30 December 1803, Lisbon. “The detention of the Schooner Three Brothers by head winds affords me an opportunity of inclosing a Copy of my Note of the 22nd. Inst. to the Visconde Balsemaõ requesting a personal interview & answer.” Waiting on Balsemão at the appointed hour, Jarvis expressed his fear that the lack of reply to his latest letters “was owing to some unintentional omission of respect...
16 February 1804, Lisbon. “By the Schooner three Brothers Captain Lawrence Via New York I had the pleasure to address you under date of the 20th [not found] & 30th Decr. inclosing in the former a letter from Messrs: Pinckney Montgomery & Street & Captain Joseph Ornes Protest, & another letter from Mr Pinckney, my Note of the 22d Decr to the Visconde Balsemão & his answer, in the latter. Untill...
16 February 1804, Lisbon. “Inclosed is a Copy of a letter I had this day the honor to address you by the Brig Mercury Captain Crosby via Norfolk which was accompanied by the several letters &c therein mentioned. I embrace the opportunity of the Golden Age for Philadelphia, also clearing out to day, to forward the inclosed letter from Mr Pinckney, in compliance with his request to have it sent...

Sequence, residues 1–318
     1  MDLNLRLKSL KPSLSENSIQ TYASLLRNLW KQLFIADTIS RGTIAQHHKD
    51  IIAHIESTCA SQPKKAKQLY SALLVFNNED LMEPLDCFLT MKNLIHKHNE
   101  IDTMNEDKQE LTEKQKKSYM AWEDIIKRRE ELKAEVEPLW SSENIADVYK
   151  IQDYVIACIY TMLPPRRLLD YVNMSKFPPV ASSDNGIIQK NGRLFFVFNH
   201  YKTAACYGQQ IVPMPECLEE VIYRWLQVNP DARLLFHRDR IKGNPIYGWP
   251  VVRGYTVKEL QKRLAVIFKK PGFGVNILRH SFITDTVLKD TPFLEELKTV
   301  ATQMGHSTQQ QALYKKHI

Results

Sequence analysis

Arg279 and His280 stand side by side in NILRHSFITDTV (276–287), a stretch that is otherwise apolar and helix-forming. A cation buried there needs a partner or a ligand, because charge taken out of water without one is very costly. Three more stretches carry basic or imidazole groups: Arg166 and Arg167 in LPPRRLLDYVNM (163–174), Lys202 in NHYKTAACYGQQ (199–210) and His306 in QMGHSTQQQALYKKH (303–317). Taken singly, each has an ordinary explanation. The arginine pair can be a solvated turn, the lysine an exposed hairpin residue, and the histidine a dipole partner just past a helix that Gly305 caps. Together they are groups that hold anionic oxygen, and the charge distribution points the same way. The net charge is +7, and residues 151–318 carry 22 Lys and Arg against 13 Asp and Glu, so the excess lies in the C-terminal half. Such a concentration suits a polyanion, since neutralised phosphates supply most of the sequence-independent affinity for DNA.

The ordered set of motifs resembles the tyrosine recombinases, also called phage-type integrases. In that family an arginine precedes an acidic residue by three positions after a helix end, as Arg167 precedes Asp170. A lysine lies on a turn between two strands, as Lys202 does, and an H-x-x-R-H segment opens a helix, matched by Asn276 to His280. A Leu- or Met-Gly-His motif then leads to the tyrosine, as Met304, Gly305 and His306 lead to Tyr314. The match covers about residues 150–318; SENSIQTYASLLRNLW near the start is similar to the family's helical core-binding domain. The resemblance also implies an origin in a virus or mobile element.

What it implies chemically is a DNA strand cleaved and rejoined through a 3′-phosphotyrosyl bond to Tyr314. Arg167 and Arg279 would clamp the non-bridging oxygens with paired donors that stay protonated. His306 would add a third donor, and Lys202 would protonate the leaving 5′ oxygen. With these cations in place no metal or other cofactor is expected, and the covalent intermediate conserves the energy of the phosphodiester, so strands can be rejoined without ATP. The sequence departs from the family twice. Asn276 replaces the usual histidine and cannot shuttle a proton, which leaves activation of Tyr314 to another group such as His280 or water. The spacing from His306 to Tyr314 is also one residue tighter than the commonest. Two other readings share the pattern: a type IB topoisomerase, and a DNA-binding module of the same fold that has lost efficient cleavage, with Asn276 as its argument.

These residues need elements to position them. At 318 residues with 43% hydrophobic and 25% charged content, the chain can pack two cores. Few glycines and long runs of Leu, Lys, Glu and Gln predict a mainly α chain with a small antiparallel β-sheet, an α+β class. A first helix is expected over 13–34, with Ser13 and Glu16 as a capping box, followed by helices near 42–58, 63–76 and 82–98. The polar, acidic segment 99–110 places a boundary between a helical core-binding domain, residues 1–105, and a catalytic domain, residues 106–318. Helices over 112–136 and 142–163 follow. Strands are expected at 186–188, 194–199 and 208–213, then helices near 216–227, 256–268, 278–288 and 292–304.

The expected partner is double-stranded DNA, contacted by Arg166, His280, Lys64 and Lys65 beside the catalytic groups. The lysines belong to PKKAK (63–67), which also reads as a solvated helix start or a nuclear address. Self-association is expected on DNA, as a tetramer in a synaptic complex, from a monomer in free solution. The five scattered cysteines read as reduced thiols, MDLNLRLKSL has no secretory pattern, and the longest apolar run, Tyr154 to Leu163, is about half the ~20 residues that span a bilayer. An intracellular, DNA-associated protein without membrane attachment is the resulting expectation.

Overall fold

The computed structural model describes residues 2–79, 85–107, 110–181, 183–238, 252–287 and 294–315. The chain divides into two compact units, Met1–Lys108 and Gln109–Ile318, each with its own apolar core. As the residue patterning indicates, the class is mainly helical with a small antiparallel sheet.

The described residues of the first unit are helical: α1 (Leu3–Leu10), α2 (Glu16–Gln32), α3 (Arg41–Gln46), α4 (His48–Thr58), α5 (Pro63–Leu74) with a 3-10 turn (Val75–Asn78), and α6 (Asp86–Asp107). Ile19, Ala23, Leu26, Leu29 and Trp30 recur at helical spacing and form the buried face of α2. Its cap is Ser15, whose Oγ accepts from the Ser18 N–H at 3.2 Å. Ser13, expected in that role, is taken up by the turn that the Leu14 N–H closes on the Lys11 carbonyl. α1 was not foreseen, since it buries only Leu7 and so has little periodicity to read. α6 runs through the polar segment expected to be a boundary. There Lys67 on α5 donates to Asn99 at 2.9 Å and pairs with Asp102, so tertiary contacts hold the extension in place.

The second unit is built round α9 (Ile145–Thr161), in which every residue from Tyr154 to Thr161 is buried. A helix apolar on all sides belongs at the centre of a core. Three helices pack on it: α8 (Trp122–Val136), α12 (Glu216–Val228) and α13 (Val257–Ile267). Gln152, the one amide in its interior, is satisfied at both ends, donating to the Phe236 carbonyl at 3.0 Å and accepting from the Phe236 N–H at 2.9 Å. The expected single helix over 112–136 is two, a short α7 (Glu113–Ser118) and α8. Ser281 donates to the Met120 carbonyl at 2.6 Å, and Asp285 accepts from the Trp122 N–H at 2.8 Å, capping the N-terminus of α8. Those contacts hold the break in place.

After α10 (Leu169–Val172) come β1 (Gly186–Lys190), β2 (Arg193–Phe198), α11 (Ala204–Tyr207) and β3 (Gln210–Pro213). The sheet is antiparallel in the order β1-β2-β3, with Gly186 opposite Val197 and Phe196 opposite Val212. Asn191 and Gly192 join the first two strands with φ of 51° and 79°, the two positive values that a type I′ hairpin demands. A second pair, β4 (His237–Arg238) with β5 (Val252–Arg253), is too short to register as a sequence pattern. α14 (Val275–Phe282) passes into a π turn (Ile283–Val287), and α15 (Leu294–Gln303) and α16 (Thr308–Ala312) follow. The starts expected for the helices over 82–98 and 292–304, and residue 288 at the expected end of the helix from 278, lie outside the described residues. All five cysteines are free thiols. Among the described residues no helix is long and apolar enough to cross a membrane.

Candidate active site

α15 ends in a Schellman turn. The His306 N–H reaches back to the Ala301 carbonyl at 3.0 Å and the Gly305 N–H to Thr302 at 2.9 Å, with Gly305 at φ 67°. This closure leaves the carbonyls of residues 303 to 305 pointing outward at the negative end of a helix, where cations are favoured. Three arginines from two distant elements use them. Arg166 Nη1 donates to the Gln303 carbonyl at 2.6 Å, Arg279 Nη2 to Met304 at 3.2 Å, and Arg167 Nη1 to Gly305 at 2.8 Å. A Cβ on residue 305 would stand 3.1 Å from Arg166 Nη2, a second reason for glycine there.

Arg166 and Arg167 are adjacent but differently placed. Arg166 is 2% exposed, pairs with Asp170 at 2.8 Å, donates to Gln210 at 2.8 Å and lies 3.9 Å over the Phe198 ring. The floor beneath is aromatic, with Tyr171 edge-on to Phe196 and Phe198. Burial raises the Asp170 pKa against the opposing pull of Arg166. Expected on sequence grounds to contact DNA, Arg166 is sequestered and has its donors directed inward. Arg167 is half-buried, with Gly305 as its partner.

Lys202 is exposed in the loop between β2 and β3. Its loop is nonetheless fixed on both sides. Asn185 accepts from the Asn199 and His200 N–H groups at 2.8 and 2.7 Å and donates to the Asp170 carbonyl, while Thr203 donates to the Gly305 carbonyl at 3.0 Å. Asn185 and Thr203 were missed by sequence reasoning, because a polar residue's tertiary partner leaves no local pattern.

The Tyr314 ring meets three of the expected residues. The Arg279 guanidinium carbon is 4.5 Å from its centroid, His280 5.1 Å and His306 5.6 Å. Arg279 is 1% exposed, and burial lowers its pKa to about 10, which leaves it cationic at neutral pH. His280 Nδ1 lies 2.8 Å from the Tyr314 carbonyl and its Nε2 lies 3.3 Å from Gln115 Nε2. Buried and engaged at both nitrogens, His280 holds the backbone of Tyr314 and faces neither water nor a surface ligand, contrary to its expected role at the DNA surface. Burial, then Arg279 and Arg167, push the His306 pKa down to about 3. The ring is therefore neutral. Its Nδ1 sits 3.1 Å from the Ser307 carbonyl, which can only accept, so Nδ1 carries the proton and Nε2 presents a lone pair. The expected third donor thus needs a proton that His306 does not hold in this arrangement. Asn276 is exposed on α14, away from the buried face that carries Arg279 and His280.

24 February 1804, Lisbon. “By the Ship Mercury Captn Crosby I had the honor to address you under date of the 16th. Instant inclosing my letter of the 11 Jany. to the Visconde Balsemão, three letters from Mr Pinckney & five forwarded to me by the Consuls in the Streights & a Copy of my letter to the Minister of Foreign Affairs & the Foreign Consuls regarding the Blockade of Tripoli & of...
19 March 1804, Lisbon. “I have the honor to inclose the semi-annual List, a list of Protections granted, an account of the monies received and disbursed for Seamen and an Account Current, in which is included the money paid for the Postage of Official Letters & diplomatique presents to the couriers & servants of Office, of the several secretaries of State; but as formerly observed, not knowing...